To Tank, Or Not To Tank

Apr 28, 2016; Los Angeles, CA, USA; Los Angeles Rams fans await the announcement of quarterback Jared Goff as the No. 1 pick in the 2016 NFL Draft at draft party at L.A. Live. Mandatory Credit: Kirby Lee-USA TODAY Sports
Apr 28, 2016; Los Angeles, CA, USA; Los Angeles Rams fans await the announcement of quarterback Jared Goff as the No. 1 pick in the 2016 NFL Draft at draft party at L.A. Live. Mandatory Credit: Kirby Lee-USA TODAY Sports /

The Buffalo Bills have the option to tank in order to increase their chances at long-term success. Is it a good option for them at this point?

Tank. slang (verb): To do poorly or decline rapidly.

It’s mid-January and the Buffalo Bills are again in limbo. As the saying goes… not bad enough to get a top draft pick, and not good enough for the playoffs. If you’re a fan of the Buffalo sports, you’ve probably heard about tanking, and thanks to a successful tank executed by the Buffalo Sabres over the past few seasons, fans are wondering if that would be the best course of action for the Bills.

The Sabres drafted their generational player and hope to find success moving forward. The Bills are still searching for their generational player — a franchise quarterback. A case can be made for tanking, and a case can be made for keeping pieces in place without blowing everything up. Here are some of the most popular arguments for, and against, the Buffalo Bills tanking.

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Argument for tanking

  1. Quarterback: There is not a position in all of sports that means more than a quarterback does. More than 25 percent of Super Bowl winning QBs were drafted 1st overall. More than 50 percent were drafted in the 1st round. The way to get a franchise quarterback using the path of least resistance is to suffer through 16 games, finish last, get your franchise QB and (hopefully) start winning.
  2. New Regime/Timing: A coaching and scheme change is a time for patience from management (sans Rex Ryan), the players, and fans. The change of power to Sean McDermott is different than the last change of power, where Rex was chosen because ownership thought the Bills “were two plays away from 11-5 and needed a veteran coach.”  By giving the leadership to a first year head coach this time around, there is an opportunity for the Bills to get worse before they get better without as much push-back from the fans as the last regime. A tank could be spun off as preparing for McDermott’s culture change and getting the type of players that he, Leslie Frazier and whoever the new offensive coordinator is, need to be successful.
  3. What’s one more year?  This argument for tanking is pretty simple: It’s been 17 years of disappointment and futility, so what’s one more really bad year? The Bills have played 272 mostly forgettable games since their last playoff game — the Music City Miracle.  I think that many fans would be willing to deal with 16 more games if it meant getting a franchise quarterback.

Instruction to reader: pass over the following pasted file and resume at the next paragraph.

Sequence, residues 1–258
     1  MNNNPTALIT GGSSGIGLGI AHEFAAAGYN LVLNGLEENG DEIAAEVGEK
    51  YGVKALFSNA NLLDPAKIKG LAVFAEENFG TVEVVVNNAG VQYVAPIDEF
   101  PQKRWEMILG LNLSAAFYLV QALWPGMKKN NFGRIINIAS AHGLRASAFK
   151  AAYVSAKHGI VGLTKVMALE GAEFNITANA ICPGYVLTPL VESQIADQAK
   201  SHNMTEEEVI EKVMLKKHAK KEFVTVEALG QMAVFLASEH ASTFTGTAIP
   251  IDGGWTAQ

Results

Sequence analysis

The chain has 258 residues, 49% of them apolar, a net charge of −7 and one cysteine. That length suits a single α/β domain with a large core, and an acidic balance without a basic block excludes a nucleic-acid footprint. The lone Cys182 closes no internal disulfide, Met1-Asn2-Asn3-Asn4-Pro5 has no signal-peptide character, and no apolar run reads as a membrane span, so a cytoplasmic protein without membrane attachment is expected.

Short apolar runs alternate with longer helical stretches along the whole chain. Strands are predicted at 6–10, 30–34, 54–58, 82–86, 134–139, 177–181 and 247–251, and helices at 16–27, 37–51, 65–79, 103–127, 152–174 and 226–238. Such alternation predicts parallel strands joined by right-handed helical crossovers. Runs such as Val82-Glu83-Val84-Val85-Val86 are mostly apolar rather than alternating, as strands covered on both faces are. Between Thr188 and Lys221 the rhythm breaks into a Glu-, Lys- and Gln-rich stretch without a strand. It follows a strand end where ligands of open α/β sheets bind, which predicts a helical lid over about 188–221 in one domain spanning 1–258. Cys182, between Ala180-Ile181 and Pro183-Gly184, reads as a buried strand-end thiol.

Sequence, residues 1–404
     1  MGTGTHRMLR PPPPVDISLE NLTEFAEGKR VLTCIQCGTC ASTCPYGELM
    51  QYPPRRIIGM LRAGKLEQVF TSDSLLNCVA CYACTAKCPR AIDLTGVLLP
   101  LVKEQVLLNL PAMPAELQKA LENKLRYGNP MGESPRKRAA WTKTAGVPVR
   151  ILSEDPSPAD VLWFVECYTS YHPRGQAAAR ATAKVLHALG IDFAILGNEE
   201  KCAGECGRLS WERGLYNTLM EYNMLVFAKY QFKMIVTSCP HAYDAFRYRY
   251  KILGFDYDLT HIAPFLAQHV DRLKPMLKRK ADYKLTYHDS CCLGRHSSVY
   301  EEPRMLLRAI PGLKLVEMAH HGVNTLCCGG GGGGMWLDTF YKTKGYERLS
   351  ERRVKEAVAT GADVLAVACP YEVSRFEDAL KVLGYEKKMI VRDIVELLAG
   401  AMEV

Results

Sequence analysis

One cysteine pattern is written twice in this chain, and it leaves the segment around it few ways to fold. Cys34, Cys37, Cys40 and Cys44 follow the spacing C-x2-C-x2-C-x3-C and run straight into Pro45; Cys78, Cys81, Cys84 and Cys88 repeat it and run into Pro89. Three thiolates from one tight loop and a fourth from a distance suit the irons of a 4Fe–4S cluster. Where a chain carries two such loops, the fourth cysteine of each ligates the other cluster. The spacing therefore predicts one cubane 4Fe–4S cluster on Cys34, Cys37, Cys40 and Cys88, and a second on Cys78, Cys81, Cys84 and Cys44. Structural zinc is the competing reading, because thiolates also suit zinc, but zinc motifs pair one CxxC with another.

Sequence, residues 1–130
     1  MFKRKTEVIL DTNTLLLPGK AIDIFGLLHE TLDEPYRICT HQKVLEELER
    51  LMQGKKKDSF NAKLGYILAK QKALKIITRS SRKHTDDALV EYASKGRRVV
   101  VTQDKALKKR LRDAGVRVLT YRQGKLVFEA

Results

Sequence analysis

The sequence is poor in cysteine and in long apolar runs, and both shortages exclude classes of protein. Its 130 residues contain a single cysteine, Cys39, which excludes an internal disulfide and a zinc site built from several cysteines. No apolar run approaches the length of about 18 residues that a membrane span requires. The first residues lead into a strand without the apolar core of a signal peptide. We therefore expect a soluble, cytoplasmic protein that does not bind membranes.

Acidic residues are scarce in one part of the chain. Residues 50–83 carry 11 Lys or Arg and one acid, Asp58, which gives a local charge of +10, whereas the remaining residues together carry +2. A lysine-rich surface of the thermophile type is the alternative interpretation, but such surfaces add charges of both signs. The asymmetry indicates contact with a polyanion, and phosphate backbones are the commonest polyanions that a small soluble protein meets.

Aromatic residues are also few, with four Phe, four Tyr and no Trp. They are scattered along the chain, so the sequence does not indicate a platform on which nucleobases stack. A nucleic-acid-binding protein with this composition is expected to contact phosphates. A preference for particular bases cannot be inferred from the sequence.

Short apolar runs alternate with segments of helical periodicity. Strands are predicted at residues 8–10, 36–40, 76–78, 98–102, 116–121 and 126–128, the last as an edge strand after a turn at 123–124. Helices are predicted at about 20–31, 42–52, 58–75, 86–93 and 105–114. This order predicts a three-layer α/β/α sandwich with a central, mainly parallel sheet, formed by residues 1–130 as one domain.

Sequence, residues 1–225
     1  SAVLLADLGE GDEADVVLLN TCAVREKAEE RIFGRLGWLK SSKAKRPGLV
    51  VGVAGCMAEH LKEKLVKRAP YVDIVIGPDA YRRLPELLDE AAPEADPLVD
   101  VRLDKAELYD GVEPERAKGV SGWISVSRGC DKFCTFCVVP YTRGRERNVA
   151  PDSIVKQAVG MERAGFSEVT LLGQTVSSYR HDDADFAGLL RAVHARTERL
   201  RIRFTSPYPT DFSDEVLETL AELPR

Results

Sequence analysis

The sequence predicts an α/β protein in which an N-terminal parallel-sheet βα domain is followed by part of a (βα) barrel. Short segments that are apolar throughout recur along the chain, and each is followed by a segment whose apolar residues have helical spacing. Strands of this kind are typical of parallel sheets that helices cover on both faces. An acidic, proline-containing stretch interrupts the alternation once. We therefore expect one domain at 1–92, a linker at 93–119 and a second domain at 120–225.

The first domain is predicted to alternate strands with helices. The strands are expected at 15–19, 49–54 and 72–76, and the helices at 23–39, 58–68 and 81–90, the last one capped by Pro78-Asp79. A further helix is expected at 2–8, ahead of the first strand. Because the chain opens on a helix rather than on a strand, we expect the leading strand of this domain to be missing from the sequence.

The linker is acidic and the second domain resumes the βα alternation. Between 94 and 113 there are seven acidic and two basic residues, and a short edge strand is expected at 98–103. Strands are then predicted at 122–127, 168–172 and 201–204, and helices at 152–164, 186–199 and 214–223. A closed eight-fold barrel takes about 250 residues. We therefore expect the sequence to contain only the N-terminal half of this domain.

Argument against tanking

  1. It’s not always necessary: While I believe having a franchise quarterback is the most important indicator of success in the NFL, teams do not have to bottom out to get their franchise quarterback. Let’s look at the playoff teams from this year. Three playoff quarterbacks were selected first overall, two of which were aquired via trade and only Matthew Stafford remains with the team that drafted them. The playoffs also featured QBs drafted throughout the 1st, 2nd, 3rd, 4th and 6th round.  Between the draft, free agency and trades, elite QBs can be found other places than the first overall pick.
  2. Waste of resources: A team that has LeSean McCoy, Sammy Watkins, Charles Clay, Marcell Dareus, Kyle Williams and Jerry Hughes is not a team primed for a tank.  This year LeSean McCoy showed us why Doug Whaley was so fast to pull the trigger on that trade when he was enjoying a glass of wine on the Pegula’s yacht. To tank would probably mean to unload McCoy, which, after his performance this year, would be very difficult to justify. The past three years the Bills’ record is 24-24 and they do not have a roster that is close to the bottom feeders of the league right now.
  3. Enough is enough: If quarterback is the main reason to tank, this is the main reason not to tank. It’s simple: Buffalo fans have seen enough “tanked” years. After seeing the recent success of longtime failing organizations such as the Cleveland Cavaliers, the Toronto Blue Jays and the Oakland Raiders, Bills fans want success now more than ever.  Failure isn’t an option.  This team and their fans deserve a winner-it’s Buffalo time!!

Next: 5 Established NFL Quarterbacks to Think About

So, what do you think?  Should the Bills join the Sabres and embrace a full-on tank, or do they try to get their franchise QB by other means? It can go either way. Which direction would you like to see them take? Discuss below!